Research Integrity Workshop Series

Prof Dev Ethics Logo

for Humanities Ph.D. Students

Graduate School – Professional Development – Ethics Spire

Monday, January 11, 2016 – McKenna 100-104 (Conference Center)

Satisfies the Graduate School’s ethics training requirement

Contact the Instructor: Melinda Gormley, Ph.D. • gormley.6@nd.edu

Represent your profession with integrity. Uphold ethical standards in the workplace.

The University of Notre Dame requires all graduate students in Ph.D. programs to attend Responsible Conduct of Research (RCR) training, preferably during their first year. The requirement for graduate students in the humanities is 3 hours, which can be accomplished by attending these sessions on Monday, January 11, 2016. Previously, humanities students have attended sessions concentrated on topics in science and engineering, the content of this Research Integrity Series will broach issues pertinent to students in the humanities.

Register here

See The Graduate School's website for more information about the RCR training requirement and professional development opportunities in ethics

Campus Resources 

If you find yourself facing an ethical issue and are unsure where to turn or what to do, see the resources page available through the University of Notre Dame's Graduate School. 

Agenda for the 2016 Ethics Workshop 

10:45 AM – 1:30 PM: Lunch & Keynote Speaker (Optional, RSVP required)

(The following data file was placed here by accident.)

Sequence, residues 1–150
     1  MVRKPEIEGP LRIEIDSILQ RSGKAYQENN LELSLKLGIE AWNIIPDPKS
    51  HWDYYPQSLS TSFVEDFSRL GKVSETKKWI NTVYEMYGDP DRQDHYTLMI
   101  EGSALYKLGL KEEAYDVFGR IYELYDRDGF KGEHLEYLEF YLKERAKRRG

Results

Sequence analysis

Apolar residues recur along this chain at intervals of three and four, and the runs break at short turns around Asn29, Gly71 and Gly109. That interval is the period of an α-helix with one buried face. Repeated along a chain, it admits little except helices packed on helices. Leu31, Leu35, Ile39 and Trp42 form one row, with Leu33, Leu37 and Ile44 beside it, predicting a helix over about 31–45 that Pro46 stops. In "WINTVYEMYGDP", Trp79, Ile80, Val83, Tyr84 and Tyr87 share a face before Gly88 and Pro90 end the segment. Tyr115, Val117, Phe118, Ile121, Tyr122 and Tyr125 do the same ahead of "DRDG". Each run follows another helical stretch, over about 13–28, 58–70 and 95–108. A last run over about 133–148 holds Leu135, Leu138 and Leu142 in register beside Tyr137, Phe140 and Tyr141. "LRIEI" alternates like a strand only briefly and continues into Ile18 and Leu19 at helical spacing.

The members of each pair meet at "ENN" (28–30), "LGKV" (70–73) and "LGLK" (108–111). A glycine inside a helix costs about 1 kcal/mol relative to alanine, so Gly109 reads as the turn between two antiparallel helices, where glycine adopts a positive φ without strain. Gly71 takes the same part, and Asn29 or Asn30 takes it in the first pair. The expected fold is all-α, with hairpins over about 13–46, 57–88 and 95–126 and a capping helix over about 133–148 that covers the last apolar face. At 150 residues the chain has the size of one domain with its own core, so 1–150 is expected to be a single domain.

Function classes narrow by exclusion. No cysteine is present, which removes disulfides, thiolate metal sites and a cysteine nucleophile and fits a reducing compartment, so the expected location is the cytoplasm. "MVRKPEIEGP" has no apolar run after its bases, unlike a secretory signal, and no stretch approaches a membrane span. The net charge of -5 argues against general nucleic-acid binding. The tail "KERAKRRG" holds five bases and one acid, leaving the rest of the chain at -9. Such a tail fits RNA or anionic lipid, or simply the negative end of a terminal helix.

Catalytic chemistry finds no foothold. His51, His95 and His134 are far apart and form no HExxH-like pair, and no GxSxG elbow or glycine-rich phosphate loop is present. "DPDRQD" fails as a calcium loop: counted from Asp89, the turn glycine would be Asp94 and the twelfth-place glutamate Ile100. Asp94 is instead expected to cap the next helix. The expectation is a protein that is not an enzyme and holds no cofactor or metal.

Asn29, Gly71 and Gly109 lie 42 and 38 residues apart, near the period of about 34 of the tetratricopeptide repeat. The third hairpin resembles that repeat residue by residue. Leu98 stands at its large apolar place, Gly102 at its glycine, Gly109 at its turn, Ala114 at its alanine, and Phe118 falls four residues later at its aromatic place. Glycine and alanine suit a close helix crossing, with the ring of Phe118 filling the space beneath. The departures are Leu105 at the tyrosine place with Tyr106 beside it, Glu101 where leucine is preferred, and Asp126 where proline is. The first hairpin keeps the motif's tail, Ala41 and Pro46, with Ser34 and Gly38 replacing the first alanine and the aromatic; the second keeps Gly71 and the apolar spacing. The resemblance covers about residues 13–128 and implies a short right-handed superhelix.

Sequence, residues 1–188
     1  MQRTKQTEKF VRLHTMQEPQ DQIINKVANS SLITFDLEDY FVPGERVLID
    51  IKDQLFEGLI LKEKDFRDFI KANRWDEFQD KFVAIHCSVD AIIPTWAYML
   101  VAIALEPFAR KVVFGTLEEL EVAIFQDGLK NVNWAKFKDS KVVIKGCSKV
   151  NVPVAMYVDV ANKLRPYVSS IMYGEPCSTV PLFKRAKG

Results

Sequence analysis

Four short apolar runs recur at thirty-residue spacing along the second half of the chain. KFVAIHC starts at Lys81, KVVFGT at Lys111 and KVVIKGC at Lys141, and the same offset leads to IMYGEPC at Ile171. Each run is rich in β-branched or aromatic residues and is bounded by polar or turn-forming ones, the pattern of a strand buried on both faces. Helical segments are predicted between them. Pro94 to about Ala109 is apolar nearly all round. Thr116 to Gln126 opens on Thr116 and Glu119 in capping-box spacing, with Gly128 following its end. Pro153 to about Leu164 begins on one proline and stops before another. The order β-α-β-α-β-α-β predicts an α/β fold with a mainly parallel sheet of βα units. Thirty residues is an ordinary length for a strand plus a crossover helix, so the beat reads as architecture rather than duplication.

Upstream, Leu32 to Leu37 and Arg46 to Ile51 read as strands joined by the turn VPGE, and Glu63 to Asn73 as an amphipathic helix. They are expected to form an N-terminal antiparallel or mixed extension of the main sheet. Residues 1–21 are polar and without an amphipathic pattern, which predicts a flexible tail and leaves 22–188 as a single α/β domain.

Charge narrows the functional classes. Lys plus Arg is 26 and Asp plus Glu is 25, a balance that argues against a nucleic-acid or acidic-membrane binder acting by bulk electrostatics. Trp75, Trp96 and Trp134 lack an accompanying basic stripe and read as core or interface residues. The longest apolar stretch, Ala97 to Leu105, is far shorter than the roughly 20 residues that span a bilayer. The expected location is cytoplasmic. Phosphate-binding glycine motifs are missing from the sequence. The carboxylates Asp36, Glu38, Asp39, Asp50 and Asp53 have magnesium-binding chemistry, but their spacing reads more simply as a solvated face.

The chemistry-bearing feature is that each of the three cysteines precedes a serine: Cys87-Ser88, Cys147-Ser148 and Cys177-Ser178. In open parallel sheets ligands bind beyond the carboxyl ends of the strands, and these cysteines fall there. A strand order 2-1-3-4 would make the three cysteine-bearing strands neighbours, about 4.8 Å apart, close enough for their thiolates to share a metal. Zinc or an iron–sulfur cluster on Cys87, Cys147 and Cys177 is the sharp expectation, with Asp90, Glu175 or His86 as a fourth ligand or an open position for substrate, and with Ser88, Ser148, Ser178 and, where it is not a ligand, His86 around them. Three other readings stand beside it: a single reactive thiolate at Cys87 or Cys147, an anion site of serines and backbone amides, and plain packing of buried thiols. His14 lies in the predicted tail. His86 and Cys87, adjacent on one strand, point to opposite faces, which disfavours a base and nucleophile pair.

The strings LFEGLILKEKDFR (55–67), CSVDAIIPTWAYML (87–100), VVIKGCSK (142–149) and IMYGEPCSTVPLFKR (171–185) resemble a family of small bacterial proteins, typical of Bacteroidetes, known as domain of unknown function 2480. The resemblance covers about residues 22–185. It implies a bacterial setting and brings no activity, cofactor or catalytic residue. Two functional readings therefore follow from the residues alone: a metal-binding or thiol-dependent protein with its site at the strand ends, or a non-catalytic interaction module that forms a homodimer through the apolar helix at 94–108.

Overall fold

Theater Delta

This year’s keynote presenters are Theater Delta, an interactive theater company led by Ben Saypol, who holds a PhD in Theater from the University of Colorado at Boulder and has worked/taught at the University of Notre Carolina, Chapel Hill and Loyola University, New Orleans. Theater Delta presents an interactive performance promoting dialogue about fostering professional mentor relationships, managing time responsibly, and working with constructive criticism. 

1:30 – 1:45 PM: Registration

1:45 – 2:15 PM: Overview, Introduction, and Recognizing and Approaching Ethical Problems

Melinda Gormley, Science & Technology Policy Fellow with the American Association of the Advancement Science; Asst. Director for Research (on leave), Reilly Center for Science, Technology, and Values; History

This session provides a broad overview of the conceptual frameworks from which students can assess and address ethical problems.  It builds upon a short foundational reading assignment completed prior to the workshop to lead students in an interactive discussion of case studies and real world example examples of ethical dilemmas.  Participants will learn a step-by-step process to follow when confronted with potential ethical problems, and be introduced to the resources, codes of conduct, and professional guidelines to help them navigate challenging decisions. 

2:15 – 3:00 PM: Diversity & Inclusion

Eric Love, Director of Diversity & Inclusion, Human Resources